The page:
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The student news site of Sacramento State University

The State Hornet

The student news site of Sacramento State University

The State Hornet

Student news without fear or favor

Back to the 80s: ‘Urban Cowboy’

Two-stepping and two-facing relationships
The+1980+western+romance+film+called+%E2%80%9CUrban+Cowboy%E2%80%9D+takes+toxic+love+to+new+heights.+%28Graphic+created+in+Canva+by+Alyssa+Branum+and+photo+courtesy+of+Paramount+Pictures%29
Alyssa Branum
The 1980 western romance film called “Urban Cowboy” takes toxic love to new heights. (Graphic created in Canva by Alyssa Branum and photo courtesy of Paramount Pictures)

Urban Cowboys and bull-riding are always questionable movie topics, but when John Travolta and his blue eyes come across the screen in the film “Urban Cowboy” attention is sure to rise.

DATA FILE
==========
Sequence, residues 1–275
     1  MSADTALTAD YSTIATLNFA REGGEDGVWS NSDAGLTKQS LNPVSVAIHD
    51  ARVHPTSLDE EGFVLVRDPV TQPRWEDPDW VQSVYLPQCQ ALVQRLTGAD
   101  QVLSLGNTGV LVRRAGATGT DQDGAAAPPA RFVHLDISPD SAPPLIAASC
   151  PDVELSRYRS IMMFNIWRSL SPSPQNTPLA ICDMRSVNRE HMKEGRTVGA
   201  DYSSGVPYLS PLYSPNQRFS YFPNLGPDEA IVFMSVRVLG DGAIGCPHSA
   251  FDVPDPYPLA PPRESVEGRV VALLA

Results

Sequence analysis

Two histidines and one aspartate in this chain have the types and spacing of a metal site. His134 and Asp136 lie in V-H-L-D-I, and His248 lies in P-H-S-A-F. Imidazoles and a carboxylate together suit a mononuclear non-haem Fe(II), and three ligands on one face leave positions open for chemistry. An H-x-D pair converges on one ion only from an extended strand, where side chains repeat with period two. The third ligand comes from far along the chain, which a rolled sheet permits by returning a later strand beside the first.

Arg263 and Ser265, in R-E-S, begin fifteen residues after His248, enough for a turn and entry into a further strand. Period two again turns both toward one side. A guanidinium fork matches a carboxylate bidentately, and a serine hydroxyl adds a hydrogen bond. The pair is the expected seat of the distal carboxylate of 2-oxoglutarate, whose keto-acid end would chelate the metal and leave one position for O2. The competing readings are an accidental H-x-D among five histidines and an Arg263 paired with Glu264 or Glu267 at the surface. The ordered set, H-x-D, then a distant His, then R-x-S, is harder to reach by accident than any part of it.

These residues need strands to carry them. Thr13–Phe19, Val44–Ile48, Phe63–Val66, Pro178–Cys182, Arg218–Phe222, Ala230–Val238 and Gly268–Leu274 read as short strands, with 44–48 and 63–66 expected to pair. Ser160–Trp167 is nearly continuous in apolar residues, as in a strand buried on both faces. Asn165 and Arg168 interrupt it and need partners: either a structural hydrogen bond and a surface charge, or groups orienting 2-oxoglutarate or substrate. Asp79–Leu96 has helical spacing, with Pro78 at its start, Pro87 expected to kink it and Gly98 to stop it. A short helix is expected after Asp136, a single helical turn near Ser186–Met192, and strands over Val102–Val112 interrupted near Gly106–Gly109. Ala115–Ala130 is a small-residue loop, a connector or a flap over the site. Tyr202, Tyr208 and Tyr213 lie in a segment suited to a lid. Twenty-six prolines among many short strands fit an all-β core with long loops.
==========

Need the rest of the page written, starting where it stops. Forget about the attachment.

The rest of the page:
Kicking off the 80s, this toxic western romance is one audiences are still dazzled by due to its amazing casting and interesting love trope. This film stars Travolta and Debra Winger, who play the married toxic couple, Bud and Sissy Davis.

 

The film begins when country boy Bud moves to Pasadena, Texas and starts hanging around the Western themed bar Gilley’s. There he meets hot-headed cowgirl, Sissy, who not only catches Bud’s attention for her looks and beauty, but her beliefs too.

When the two are soon married, problems arise due to Sissy’s daring views and Bud’s over traditional beliefs. Sissy believes the sexes to be equal, while Bud just wants a woman to come home and have dinner on the table.

RELATED: Back to the 80s: ‘Flash Dance’

Outside of their star crossed lover trope, Bud and Sissy’s relationship makes modern day toxic couple, Kanye West and Kim Kardashian, seem tame in comparison to their abusive antics and destructive attitudes.

In 2024, domestic violence and abuse are themes directors, such as Greta Gerwig and Jon Favreau, would work to portray more tastefully and sensitively than the director for “Urban Cowboy” James Bridges did.